The Gosnell trail awakened our society to what goes on behind closed doors of abortions: the corruption, the brutality, the money mongering, and the reality of the bloody procedures breeding death. We finally saw some dust, but then it was quickly swept under the rug. Well, here we are again. More dust and more sweeping. 

Here are 3 “sweeping” reactions to the Planned Parenthood video from media sources and society at large:

1.) Apathy

I once wrote a persuasive essay about philosophy and abortion in a Journalistic Essay course in college. Not only did my Professor have to read it, but the entire class had to read it and give feedback. When copies of my essay were passed around the room students reacted differently than when other essays were passed around. The air was thick with guilty silence. No one rushed to share their feedback first, and everyone was delicately avoiding sharing opinions and judgements. There were obvious looks of pain etched on some of their faces.

I think they knew.

They knew truth was being proclaimed in a classroom, and it was an affront to their apathy in voice and action.

We are a culture that idolizes tolerance, which in our culture today, means you can’t disagree with someone’s beliefs or decisions. You have to accept everything and everyone or else you are committing the ultimate sin of intolerance and bigotry. What I felt in that college classroom were students afraid to voice anything about the content of my essay, only the form. These cultural idols have silenced us into apathy.

John Piper speaks to this lack of concern and care:

I took an abortionist out to lunch once, prepared to give him ten reasons why the unborn are human beings. He stopped me, and said, “I know that. We are killing children.” I was stunned. He said, “It’s simply a matter of justice for women. It would be a greater evil to deny women the equal right of reproductive freedom.”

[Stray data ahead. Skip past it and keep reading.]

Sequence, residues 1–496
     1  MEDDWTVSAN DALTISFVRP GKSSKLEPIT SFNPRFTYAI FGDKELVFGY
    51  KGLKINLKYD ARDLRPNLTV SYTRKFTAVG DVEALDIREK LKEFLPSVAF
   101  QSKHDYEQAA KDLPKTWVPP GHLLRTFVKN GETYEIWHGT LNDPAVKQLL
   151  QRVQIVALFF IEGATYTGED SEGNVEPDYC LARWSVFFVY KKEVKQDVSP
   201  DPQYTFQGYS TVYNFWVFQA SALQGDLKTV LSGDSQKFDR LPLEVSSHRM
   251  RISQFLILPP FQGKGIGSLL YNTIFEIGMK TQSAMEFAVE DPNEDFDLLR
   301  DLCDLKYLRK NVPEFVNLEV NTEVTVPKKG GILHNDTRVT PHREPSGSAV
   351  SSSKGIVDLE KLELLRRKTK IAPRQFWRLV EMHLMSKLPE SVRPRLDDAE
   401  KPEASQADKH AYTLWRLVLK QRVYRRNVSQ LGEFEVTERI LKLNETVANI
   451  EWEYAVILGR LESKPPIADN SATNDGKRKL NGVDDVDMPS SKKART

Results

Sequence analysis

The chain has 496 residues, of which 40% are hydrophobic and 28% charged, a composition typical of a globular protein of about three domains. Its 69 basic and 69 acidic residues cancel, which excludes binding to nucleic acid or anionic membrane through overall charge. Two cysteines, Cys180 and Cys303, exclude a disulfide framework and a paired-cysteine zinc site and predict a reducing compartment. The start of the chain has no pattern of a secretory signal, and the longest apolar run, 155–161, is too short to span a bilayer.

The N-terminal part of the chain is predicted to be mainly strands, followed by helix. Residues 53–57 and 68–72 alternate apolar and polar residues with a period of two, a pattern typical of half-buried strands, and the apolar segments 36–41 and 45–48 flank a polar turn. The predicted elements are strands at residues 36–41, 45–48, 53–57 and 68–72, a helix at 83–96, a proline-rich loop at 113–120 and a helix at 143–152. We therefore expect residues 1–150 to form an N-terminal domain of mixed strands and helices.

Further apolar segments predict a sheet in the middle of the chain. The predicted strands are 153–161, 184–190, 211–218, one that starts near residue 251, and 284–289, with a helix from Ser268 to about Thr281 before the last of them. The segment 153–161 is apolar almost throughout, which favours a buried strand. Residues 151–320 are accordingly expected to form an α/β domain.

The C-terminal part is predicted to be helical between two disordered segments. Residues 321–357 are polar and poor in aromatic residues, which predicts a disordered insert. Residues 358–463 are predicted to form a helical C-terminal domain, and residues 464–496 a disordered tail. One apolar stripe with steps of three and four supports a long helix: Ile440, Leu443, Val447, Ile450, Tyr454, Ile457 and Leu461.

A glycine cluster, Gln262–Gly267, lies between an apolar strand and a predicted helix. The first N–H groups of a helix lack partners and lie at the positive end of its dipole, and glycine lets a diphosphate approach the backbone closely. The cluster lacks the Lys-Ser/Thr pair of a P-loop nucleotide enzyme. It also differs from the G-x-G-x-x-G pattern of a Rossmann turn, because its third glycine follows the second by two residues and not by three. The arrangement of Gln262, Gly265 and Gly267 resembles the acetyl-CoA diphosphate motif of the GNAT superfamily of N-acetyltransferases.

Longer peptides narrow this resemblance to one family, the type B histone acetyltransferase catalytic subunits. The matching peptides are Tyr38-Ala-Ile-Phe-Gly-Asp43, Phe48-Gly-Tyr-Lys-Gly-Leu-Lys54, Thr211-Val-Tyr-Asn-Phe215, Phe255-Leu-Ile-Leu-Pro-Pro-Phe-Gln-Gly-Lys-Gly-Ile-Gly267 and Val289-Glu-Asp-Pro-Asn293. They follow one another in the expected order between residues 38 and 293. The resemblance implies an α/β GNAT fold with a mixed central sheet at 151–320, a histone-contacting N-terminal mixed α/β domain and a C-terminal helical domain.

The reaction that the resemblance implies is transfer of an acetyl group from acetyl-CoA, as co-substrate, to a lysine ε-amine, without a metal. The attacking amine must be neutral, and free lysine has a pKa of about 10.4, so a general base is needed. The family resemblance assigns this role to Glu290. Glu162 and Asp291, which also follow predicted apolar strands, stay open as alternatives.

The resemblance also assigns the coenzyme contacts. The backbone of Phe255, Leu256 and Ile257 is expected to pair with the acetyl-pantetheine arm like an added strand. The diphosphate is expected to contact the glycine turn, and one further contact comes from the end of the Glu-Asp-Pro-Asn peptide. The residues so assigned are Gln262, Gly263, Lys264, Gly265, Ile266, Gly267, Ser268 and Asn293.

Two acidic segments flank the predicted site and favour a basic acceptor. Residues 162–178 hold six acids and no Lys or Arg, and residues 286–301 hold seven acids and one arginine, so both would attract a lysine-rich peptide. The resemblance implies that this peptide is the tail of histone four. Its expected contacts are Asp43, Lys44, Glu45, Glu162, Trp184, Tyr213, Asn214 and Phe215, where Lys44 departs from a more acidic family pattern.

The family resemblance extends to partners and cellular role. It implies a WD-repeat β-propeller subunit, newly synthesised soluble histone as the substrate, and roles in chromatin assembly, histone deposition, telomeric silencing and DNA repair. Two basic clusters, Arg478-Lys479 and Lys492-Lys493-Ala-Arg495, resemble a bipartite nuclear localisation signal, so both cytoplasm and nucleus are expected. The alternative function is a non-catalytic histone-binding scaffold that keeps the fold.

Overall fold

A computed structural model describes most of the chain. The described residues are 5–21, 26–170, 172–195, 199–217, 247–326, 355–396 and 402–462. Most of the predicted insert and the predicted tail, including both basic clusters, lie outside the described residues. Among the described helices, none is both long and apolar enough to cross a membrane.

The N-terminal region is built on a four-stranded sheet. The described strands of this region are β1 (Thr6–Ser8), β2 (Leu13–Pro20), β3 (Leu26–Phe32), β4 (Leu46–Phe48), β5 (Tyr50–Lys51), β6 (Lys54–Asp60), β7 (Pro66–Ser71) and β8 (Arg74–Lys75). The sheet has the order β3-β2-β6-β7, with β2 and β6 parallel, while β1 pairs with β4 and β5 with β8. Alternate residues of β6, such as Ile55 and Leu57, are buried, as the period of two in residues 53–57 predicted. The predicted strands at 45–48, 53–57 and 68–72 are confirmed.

Some in our society know, but they just don’t care. They would rather worship the cultural gods of tolerance, women’s rights, and sexual freedom.

2.) Ignorance

There are some in our society who don’t want to know — who don’t want to think. When I was a counselor at a crisis pregnancy center I asked one woman considering an abortion if she had done any research. Her response was that she saw scary images online, but ultimately tried not to think about it.

Many people want to be ignorant about this issue. The recent video exposure is just one of the dust bunnies we don’t clean up, but hide under the rug. The real issues are not brought into the light, but shrouded in darkness. The abortion issue is avoided, because ultimately it mirrors us; it reveals the darkness of hidden sins we all feel at home with.

Albert Mohler unveils the desire for ignorance from a reporter at Cosmopolitan magazine:

“Writing at Cosmopolitan magazine, abortion supporter Robin Marty said that she had seen the video. Then she said, “Now, frankly, I’m just going to yawn.”

Later in her own essay she stated: “I shuddered when listening to the discussion of how the fetus can be removed, and the idea of a ‘menu’ of fetal tissue and organs that could be procured depending on the gestational age of the pregnancies being terminated and the number of patients who consent to donating is one I hope I never have to encounter again.”

3.)Denial

Many people in our society try to suppress the truth. If we can’t be ignorant and apathetic, then we can lie to ourselves. We lie to ourselves by saying right and wrong are relative, but the internet and social media makes it clear we have strong personal views of right and wrong.

The famous Oxford professor and writer, C.S. Lewis, wrote a book titled Mere Christianity. This atheist turned Christian philosophizes in his writing about right and wrong as a clue to the meaning of the universe. Lewis appeals in chapter one to the law of human nature. He talks about quarrels.

Everyone says things like, “How’d you like it if anyone did the same to you?  “That’s my seat, I was there first”-  “Leave him alone, he isn’t doing you any harm” —  “Why should you shove in first?”  “Give me a bit of your orange, I gave you a bit of mine” — “Come on, you promised.”

Lewis says in all of these statements we are appealing to some kind of standard of behavior, which we expect others to follow.  The old philosophers would call this the Law of Nature, meaning the law of human nature, and how we are all governed by an internal law that shows us right and wrong. This is the human idea of decent behavior, which was thought to be obvious to everyone, but we have rejected this type of thought in today’s culture.